Learn more about Professor Spitzer's work here.

  • Professor Shirley Strum

    Professor Shirley Strum

    Department of Anthropology

    Professor Strum is a renowned biological anthropologist who specializes in primatology and has made enormous contributions to wildlife and habitat conservation. Dr. Strum has published important work during her time as an active professor at UC San Diego, and the baboons she studies have been included in 25 nature documentaries over the years. She continues to teach courses such as Conservation and Human Predicament and Conservation and the Media as well as mentor Masters and Ph.D. students.

    A biological anthropologist specializing in primate studies, conservation, and science studies, Strum has studied one population of baboons in Kenya for 51 years. During that time her research has discovered new patterns in:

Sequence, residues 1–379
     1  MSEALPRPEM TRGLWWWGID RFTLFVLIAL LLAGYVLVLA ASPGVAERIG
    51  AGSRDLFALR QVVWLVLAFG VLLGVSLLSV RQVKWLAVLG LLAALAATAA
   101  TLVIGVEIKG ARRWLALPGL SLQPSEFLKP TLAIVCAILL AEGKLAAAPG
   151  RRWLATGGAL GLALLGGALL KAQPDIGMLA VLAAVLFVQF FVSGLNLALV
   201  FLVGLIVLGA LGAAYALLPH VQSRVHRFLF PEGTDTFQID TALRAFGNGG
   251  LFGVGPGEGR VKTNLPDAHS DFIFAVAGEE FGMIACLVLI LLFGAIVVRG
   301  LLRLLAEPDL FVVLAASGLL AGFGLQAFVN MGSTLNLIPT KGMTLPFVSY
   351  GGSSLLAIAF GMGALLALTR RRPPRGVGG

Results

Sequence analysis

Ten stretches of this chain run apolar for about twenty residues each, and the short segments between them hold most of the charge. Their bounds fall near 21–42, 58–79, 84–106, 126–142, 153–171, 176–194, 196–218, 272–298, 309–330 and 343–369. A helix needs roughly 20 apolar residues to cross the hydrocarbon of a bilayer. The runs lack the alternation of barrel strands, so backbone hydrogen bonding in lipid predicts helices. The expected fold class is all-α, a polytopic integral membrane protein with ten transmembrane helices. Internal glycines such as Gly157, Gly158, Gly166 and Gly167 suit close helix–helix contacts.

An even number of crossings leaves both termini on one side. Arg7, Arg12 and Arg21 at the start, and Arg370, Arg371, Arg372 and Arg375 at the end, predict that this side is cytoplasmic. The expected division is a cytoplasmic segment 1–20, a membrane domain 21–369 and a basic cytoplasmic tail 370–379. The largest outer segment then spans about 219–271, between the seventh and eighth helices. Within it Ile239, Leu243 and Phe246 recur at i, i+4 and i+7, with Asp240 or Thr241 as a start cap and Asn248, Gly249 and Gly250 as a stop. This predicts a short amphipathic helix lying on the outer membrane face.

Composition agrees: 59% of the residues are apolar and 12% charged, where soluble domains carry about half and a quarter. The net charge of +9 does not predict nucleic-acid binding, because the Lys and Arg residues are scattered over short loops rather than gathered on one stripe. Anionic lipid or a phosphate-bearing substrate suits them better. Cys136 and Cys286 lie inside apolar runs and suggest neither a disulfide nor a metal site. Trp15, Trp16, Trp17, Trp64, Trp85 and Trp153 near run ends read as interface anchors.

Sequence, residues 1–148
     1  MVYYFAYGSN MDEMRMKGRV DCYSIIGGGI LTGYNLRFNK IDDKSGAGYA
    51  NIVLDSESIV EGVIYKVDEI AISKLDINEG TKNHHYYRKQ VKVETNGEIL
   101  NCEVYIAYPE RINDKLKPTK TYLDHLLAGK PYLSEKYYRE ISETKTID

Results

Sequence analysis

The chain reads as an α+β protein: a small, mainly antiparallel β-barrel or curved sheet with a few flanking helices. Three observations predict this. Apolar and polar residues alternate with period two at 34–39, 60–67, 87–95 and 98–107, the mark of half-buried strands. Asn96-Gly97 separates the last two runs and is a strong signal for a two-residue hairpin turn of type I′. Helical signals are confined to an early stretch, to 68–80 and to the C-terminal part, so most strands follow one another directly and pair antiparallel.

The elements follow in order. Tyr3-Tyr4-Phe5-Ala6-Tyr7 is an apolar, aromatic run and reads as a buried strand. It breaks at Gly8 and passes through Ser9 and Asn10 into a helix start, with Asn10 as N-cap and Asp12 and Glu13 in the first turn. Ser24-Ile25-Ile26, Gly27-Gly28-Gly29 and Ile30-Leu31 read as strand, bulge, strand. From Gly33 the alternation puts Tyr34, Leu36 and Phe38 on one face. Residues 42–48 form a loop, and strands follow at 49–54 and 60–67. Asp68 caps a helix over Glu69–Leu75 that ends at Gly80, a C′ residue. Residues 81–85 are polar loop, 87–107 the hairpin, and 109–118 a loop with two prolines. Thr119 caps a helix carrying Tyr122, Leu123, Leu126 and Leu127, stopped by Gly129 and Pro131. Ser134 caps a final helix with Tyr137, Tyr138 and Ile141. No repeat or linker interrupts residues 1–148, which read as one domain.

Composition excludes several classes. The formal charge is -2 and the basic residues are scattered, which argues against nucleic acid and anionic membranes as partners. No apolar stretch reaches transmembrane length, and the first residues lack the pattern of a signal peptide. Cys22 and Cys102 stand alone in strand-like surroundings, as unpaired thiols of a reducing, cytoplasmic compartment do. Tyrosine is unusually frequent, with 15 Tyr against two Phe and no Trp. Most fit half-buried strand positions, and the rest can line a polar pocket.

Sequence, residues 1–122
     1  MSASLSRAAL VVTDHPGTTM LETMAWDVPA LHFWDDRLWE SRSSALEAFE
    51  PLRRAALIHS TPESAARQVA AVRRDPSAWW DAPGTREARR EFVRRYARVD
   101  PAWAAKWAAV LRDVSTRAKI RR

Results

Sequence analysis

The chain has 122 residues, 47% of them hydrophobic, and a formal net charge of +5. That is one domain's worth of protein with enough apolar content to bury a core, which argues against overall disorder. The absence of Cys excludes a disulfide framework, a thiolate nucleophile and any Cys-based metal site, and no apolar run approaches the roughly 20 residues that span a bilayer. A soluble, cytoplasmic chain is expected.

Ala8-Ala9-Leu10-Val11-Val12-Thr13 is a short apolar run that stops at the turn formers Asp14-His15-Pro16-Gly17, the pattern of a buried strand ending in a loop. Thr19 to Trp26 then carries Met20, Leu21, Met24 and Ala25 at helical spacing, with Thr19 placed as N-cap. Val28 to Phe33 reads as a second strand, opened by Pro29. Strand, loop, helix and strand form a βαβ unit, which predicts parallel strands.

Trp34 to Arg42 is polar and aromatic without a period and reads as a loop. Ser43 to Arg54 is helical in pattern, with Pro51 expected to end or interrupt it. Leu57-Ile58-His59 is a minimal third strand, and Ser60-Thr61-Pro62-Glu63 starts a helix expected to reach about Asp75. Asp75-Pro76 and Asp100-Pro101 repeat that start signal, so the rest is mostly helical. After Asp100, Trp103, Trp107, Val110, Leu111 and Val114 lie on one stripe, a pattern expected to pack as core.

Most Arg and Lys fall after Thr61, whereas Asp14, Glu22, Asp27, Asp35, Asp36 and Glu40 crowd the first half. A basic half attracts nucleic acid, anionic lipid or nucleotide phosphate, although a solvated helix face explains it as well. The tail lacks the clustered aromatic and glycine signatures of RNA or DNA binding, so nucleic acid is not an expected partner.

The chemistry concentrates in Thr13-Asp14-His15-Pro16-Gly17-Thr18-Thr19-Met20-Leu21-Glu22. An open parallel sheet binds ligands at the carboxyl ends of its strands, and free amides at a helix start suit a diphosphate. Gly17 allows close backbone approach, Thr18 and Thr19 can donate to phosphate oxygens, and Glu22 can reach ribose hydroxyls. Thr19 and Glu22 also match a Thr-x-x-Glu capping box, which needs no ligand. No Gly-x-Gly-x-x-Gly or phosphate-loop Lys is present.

• The male dominance hierarchy showing that males rely on social strategies of aggression and defense;
    • Social complexity in baboon social life;
    • Cognition in the wild employing distributed cognition and situated action developed for humans and applied to baboons;
    • How the social and ecological are entangled and the use and misuse of nonhuman primate models in evolutionary interpretations of humans.

    Degrees: Ph.D., Anthropology, UC Berkeley.

    Learn more about Professor Strum's work here.

  • Professor Suresh Subramani

    Professor Suresh Subramani

    Department of Molecular Biology